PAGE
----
Each month we graduate the women who have six month old babies, it is common for there to be tearful goodbyes and warm hugs exchanged.  Against the odds, a little community is being built here.

We have boasted a 15% transfer rate for the past few years.  This year our transfer rate was high, 29% of the women ended up needing to be taken to a hospital to deliver.  We aren't sure what that is all about, except that we had a streak in October and November where one complication after another arose and the average year turned into a high transport year toward the very end.

Always the statistic we pray and hope to report, zero mothers died as a result of complications of childbirth. We thank each of you that follow along and pray during the labors and deliveries, your prayers are a gift to the woman and each of us on staff. 

Two new things were added in 2014 -

  1. We began offering IUDs as a long term birth control option in addition to Depo Provera. Our family planning program on Friday has doubled in size this year, word of mouth advertising has made this our largest program.
  2. We began doing a Wednesday breastfeeding education and support "class" at the government maternity hospital. A song was written to enforce the truth about breastfeeding, see the video at the link above. Each Wednesday at the hospital is a new experience, as Haiti is not a place that one would ever label "predictable". 

This year we focused on team building and creating systems that will allow us to grow with excellence.  We now have a full-time staff of eight in place. Our size has allowed us to know each pregnant woman well and to connect with her personally. As we grow, we refuse to give up that important aspect of our programs. 

In 2015 we will be adding a second floor classroom to our current one-story Maternity Center. With the extra space, we will be able to take 60 to 65+ pregnant women at a time, rather than our current 40. 

Additionally, the larger Maternity Center (about three miles from our current center) is still in development and is being built section by section as the funds are raised and available. 


The highlights of a year can certainly be about statistics, but as we have shared before, the highlights for all of us have more to do with relationships that are built and the ability to see the program really work. 

Mothers that are materially poor are not placing their babies in an orphanage. Women that previous believed they didn't have milk to nurse their babies are now breastfeeding well past the six month mark. Statistically speaking, many babies die in the first six weeks of life in Haiti. We just aren't experiencing those statistics.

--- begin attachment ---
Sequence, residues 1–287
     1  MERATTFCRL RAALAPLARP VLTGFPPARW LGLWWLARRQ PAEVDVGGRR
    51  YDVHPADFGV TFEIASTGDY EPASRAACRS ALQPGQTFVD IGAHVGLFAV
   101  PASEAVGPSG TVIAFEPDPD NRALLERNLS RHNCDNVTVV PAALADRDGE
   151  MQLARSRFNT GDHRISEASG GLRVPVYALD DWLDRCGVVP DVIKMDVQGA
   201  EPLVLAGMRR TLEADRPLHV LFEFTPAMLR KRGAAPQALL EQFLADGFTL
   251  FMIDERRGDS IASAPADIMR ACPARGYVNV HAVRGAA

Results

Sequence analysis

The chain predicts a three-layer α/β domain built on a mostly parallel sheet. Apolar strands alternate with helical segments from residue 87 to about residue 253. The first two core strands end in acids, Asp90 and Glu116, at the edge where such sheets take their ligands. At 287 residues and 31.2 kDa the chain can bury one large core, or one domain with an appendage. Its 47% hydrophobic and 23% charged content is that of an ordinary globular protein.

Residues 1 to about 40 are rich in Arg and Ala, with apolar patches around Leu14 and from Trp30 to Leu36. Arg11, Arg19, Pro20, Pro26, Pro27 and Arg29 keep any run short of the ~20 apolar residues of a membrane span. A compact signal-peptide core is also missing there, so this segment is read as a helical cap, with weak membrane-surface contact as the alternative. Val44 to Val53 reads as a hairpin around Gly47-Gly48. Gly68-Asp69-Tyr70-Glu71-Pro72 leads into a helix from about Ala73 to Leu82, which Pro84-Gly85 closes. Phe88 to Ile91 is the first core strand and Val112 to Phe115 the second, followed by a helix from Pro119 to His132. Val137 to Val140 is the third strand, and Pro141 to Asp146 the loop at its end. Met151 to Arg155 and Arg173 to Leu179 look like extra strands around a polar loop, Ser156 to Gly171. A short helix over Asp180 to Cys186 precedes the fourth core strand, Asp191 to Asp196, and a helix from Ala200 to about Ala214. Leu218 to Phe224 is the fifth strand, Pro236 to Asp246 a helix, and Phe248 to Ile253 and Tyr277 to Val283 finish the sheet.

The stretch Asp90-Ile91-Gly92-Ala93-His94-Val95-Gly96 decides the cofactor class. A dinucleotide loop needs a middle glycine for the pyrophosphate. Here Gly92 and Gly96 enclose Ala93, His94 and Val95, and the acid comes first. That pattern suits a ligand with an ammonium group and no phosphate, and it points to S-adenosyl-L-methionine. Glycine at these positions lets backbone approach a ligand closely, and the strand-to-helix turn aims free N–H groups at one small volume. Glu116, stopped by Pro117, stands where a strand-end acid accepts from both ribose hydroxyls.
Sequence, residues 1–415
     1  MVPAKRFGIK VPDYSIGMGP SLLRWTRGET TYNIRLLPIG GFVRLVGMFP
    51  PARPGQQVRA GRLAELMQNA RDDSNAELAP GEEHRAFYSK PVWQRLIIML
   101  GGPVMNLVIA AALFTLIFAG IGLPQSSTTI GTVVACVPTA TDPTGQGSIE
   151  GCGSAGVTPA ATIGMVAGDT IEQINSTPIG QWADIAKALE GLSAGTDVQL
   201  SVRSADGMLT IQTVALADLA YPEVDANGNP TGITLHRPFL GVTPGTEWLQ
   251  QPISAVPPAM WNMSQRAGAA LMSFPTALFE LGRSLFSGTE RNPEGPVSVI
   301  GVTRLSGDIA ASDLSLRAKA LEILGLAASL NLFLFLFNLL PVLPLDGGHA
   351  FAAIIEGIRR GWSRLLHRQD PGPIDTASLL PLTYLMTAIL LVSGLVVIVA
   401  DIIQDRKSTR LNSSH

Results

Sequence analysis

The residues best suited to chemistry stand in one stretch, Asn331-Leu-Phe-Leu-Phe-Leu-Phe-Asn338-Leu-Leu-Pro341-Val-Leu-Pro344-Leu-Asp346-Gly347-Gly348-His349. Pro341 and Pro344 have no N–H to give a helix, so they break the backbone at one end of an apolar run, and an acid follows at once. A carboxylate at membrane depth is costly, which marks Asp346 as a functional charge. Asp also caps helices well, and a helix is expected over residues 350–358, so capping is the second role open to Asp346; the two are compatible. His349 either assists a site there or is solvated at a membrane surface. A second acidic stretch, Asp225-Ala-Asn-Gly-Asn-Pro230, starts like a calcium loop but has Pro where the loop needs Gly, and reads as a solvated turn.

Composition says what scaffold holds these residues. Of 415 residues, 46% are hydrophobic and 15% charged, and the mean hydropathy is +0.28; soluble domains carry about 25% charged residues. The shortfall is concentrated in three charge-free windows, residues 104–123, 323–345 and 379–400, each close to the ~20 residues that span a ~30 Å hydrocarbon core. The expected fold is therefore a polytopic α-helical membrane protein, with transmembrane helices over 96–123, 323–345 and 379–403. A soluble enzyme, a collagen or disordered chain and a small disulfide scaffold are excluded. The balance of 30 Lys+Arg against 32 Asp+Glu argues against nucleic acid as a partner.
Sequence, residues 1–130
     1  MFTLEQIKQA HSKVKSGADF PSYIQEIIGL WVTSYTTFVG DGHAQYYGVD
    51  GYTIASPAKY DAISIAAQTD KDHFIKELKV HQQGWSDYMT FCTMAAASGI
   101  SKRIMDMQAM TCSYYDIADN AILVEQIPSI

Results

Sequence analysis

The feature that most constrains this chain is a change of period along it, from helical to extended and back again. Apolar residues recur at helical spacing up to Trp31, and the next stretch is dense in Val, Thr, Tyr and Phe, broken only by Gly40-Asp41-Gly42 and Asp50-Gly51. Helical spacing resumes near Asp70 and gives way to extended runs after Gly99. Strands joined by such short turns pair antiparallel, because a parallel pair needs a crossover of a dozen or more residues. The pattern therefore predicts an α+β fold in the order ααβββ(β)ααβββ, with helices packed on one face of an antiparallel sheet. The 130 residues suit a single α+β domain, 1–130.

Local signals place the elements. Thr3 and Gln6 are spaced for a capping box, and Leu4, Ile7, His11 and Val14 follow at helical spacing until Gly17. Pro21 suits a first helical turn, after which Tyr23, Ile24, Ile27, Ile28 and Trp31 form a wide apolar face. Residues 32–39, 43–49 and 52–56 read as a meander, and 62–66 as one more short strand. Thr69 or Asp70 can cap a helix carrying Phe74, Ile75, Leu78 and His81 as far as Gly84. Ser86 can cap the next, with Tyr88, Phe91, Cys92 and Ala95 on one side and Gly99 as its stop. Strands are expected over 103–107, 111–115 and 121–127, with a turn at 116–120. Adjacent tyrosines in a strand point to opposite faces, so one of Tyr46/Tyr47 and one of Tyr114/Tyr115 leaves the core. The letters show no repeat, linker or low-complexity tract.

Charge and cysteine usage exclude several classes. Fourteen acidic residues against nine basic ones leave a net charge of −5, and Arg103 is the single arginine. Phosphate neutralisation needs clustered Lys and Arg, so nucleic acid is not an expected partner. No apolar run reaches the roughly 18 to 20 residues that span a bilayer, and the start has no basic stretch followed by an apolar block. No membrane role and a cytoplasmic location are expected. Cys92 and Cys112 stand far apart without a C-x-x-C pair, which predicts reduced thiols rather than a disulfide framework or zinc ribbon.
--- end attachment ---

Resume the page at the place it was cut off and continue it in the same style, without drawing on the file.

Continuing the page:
The ladies learn and use what they learn to help their neighbors. They exit the program knowing that something unique happened and when their friends, neighbors, and sisters get pregnant they ask for a spot in the program for them as well. 

Rather than a list of statistics, I'd like to point you to three of seventy-two stories from this year. Each of us would likely highlight different stories and people. For me, these standout when I think about 2014.







bottom photo taken December 2014, 11 months old

  • Guerda -  After suffering unimaginable loss (after loss after loss) Guerda carried and delivered her daughter safely.  Baby Sophonie is now six months old. Beth McHoul wrote her story here. 





  • One woman that was pregnant as a result of a rape struggled greatly with depression and hopelessness.  She wondered frequently if she could ever love her baby.  Her delivery was incredibly complicated and she was one of this year's transports - complete with lights and sirens and all the intense driving you can imagine.  After delivery via C-Section she had every postpartum complication imaginable - plus Chikungunya, a mosquito borne illness that took Haiti by storm mid-year.  The hits just kept coming for this woman.  Today she is the mother to an 8 month old son that she proudly shows off at every chance she gets.  She pumps extra milk to donate to a mother that was burned badly and cannot nurse her own baby.  This woman writes songs and sings about breastfeeding with us and encourages other mothers as they labor.  

In the middle of these situations, we all hope and pray for a good outcome. The truth is, we often wonder if love and compassion will matter enough to change anything. It is not unreasonable for a woman in such a traumatic situation to give up on love, give up on herself. Sometimes, even as we are saying it, we have a hard time believing that love can conquer fear.  In this situation, and in multiple others, we saw love work.  




Fanm vanyan
ke nou konnen yo
ke nou leve yo
ke nou tankou yo

Strong women
May we know them
May we raise them
May we be them


To make a year-end donation to Heartline Ministries,  please visit this page. 

To follow Maternity Center news as it happens, find these options:

Beth McHoul blogs on occasion HERE
Beth Johnson blogs on occasion HERE
Heartline Facebook page HERE
Heartline Twitter HERE

Monday, December 15

With Our Love this Christmas ...


the beginning of love






The beginning of love is to let those we love be perfectly themselves, and not to twist them to fit our own image. Otherwise we love only the reflection of ourselves we find in them. 


Thomas Merton

Saturday, December 13

buying time



The filming portion is done on The 2014 Extravaganza.  There is some voice stuff to do and a ton of editing/splicing by amateur film maker, Troy Livesay.  Noah showed up big time, whatever had him in a funk Sunday was nowhere to be found last night. We had so much fun last night, Sprite was served freely to keep the energy levels high.

Brittany left yesterday after five nights in Haiti with us. We had so much fun during her time here.  

The week was good and crazy ... One scary hemorrhage at the Maternity Center, one great God in the room to provide peace and calm and clarity to the middies and the Momma.  All is well today and mom and baby are bonding.